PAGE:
Tag Archives: Politics

THE MURDER OF MALCOLM X

Photo: History.

On this date in 1965, Malcolm X is assassinated by rival Black Muslims while addressing his Organization of Afro-American Unity in Washington Heights.

Born Malcolm Little in Nebraska, in 1925, Malcolm was the son of James Earl Little, a Baptist preacher who advocated the Black nationalist ideals of Marcus Garvey. Threats from the Ku Klux Klan forced the family to move to Michigan. In 1931, Malcolm’s father was murdered by the white supremacist Black Legion. By the time he reached high school age, he had dropped out of school and moved to Boston, where he became increasingly involved in criminal activities.

In 1946, at the age of 21, Malcolm was sent to prison on a burglary conviction. It was there he encountered the teachings of Elijah Muhammad, the leader of Nation of Islam, whose members are popularly known as Black Muslims. Muhammad’s teachings had a strong effect on Malcolm, who entered into an intense program of self-education and took the last name “X” to symbolise his stolen African identity.

After six years, Malcolm was released from prison and became a loyal and effective minister of the Nation of Islam in Harlem, New York. A fiery orator, Malcolm was admired by the African American community in New York and around the country.

In the early 1960s, he began to develop a more outspoken philosophy than that of Elijah Muhammad, whom he felt did not sufficiently support the civil rights movement. In late 1963, Malcolm’s suggestion that President John F. Kennedy’s assassination was a matter of “chickens coming home to roost” provided Elijah Muhammad, who believed that Malcolm had become too powerful, with a convenient opportunity to suspend him from the Nation of Islam.

A few months later, Malcolm formally left the organisation and made a Muslim pilgrimage to Mecca. He returned to America as El-Hajj Malik El-Shabazz and in June 1964 founded the Organization of Afro-American Unity, which advocated Black identity and held that racism, not the white race, was the greatest foe of the African American.

• Read also THE WOMEN OF IRAN VS HIJAB LAW.

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Text: History, Wikipedia.
Featured image by T.A. Charron.

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THE KILLING OF STEVE BIKO

Photo: The Conversation.

This week in 1997, in South Africa, four apartheid-era police officers, appearing before the Truth and Reconciliation Commission, admit to the 1977 killing of Bantu Stephen Biko, a leader of grassroots anti-apartheid campaign known as the Black Consciousness Movement.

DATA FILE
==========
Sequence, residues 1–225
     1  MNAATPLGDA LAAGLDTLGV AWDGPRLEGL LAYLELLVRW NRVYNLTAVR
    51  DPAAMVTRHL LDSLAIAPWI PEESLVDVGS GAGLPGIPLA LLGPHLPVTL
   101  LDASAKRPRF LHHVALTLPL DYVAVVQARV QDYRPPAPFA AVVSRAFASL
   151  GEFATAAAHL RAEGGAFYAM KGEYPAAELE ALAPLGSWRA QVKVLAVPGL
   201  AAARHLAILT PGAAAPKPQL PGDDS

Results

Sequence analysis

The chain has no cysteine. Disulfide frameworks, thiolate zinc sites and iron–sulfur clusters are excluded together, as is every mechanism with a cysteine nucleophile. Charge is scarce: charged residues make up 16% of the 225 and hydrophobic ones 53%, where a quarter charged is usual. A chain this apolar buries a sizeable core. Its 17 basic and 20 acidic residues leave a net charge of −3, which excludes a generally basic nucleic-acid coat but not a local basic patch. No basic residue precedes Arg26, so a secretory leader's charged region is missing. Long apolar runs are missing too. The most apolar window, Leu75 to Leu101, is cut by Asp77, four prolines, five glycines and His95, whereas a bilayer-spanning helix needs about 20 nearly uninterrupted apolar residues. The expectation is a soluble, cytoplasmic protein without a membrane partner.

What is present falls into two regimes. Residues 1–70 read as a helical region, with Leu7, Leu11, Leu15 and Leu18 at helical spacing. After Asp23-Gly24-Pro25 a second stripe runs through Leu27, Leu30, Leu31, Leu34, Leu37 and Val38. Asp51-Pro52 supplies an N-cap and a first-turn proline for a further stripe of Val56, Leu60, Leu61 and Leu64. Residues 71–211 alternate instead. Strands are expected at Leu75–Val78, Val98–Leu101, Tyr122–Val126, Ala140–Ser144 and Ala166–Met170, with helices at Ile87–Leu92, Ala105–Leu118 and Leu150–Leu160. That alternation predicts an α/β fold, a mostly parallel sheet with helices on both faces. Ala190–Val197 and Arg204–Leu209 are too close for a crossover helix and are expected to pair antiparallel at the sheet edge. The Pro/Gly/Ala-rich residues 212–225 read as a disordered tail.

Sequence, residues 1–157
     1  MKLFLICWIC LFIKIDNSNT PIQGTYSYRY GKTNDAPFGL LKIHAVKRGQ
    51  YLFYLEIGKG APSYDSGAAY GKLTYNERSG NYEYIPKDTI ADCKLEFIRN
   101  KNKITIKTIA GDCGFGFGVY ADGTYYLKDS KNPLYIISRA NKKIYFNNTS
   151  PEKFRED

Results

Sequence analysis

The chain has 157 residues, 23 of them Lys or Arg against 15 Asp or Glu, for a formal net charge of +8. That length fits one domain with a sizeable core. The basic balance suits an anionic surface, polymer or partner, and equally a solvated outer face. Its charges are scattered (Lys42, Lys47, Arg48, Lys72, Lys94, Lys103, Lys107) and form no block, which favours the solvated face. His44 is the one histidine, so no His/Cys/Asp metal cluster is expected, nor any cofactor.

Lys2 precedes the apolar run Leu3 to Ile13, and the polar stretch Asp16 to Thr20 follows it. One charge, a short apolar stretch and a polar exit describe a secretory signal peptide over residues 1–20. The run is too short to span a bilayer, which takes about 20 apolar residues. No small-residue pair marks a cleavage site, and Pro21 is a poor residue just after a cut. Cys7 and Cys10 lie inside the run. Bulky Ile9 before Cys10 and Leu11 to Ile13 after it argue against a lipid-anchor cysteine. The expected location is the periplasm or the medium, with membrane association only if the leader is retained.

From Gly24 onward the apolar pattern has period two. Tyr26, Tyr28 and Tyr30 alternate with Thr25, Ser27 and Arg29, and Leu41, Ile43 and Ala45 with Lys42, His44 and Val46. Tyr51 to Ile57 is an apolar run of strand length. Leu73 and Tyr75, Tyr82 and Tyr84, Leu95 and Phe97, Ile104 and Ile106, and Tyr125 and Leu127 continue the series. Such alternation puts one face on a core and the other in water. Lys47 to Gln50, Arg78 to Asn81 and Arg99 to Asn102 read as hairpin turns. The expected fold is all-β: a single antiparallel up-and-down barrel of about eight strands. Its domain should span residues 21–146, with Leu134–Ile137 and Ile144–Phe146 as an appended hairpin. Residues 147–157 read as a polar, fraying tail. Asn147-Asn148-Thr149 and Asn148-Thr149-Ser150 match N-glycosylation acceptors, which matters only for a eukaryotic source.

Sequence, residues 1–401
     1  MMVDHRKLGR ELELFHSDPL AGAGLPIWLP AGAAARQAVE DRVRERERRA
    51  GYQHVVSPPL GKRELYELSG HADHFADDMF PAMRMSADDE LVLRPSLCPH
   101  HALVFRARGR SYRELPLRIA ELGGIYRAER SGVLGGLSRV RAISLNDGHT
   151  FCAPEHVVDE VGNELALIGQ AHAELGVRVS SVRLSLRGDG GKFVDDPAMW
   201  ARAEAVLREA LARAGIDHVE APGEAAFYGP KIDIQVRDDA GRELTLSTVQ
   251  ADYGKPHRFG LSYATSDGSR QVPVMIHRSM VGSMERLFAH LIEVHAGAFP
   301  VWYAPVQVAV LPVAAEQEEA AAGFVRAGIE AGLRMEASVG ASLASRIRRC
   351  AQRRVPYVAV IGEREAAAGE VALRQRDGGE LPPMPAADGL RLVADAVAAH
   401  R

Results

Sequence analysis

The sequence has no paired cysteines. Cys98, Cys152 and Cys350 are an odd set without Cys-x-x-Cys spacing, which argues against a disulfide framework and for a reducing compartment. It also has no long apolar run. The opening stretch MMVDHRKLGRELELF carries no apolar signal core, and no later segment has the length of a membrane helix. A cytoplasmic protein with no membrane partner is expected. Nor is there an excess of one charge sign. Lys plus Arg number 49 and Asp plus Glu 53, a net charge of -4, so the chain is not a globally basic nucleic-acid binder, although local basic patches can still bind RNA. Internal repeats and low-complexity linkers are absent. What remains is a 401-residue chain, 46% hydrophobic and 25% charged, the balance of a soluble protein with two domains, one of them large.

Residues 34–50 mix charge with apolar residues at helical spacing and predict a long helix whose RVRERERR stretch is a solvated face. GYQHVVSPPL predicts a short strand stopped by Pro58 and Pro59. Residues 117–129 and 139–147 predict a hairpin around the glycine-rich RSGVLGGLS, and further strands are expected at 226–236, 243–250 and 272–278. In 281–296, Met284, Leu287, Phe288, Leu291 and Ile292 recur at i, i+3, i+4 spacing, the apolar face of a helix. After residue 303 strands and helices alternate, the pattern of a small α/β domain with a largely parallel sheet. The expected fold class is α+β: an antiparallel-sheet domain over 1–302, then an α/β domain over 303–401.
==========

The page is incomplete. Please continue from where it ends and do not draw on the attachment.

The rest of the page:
In 1969, Biko, a medical student, founded an organisation for South Africa’s Black students to combat the minority government’s racist apartheid policies and to promote Black identity. In 1972, he helped organise the Black People’s Convention and in the next year was banned from politics by the Afrikaner government. Four years later, in September 1977, he was arrested for subversion. While in police custody in Port Elizabeth, Biko was brutally beaten and then driven 700 miles to Pretoria, where he was thrown into a cell. On 12 September 1977, he died naked and shackled on the filthy floor of a police hospital. News of the political killing, denied by the country’s white minority government, led to international protests and a U.N.-imposed arms embargo.

A clenched black fist, the informal symbol of Biko’s Black Consciousness Movement.

In 1995, after the peaceful transfer to majority rule in South Africa, the Truth and Reconciliation Commission was established to examine decades of apartheid policy and to address the widespread call for justice for those who abused their authority under the system. However, as a condition of the transfer of power, the outgoing white minority government requested that the commission be obligated to grant amnesty to people making full confessions of politically motivated crimes during apartheid. Nobel Peace Prize laureate Desmond Tutu was appointed to head the commission.

In early 1997, four former police officers, including Police Colonel Gideon Nieuwoudt, appeared before the commission and admitted to killing Steve Biko two decades earlier. The commission agreed to hear their request for political amnesty but in 1999 refused to grant amnesty because the men failed to establish a politcal motive for the brutal killing.

Inspired by the death of Steve Biko, Peter Gabriel wrote a song called “Biko” in 1980.

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Featured image: Sowetan Live.

• Read also THE RAINBOW FLAG: THE STORY BEHIND.

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PENTINGNYA PENDIDIKAN LITERASI SEDARI DINI

Buruknya pendidikan dini literasi adalah satu problematika mendasar kenapa penduduk negeri ini mudah sekali manggut-manggut kagum dengan ocehan recehan dan bias dari Denny Siregar beserta panasbung bajer istana lainnya. Yang, parahnya, kemudian berlanjut menggelembung pada dukungan terhadap DPR padahal gamblang benderang para “wakil rakyat” tersebut kebanyakan rekam jejaknya amis, bau pesing, memuakkan. What a sad joke.⁣⁣
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⁣⁣Tidak sederhana. Pendidikan literasi sejak belia memang harus serius dan segera dibenahi.⁣⁣
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⁣⁣#ReformasiDikorupsi #MosiTidakPercaya #SaveKPK

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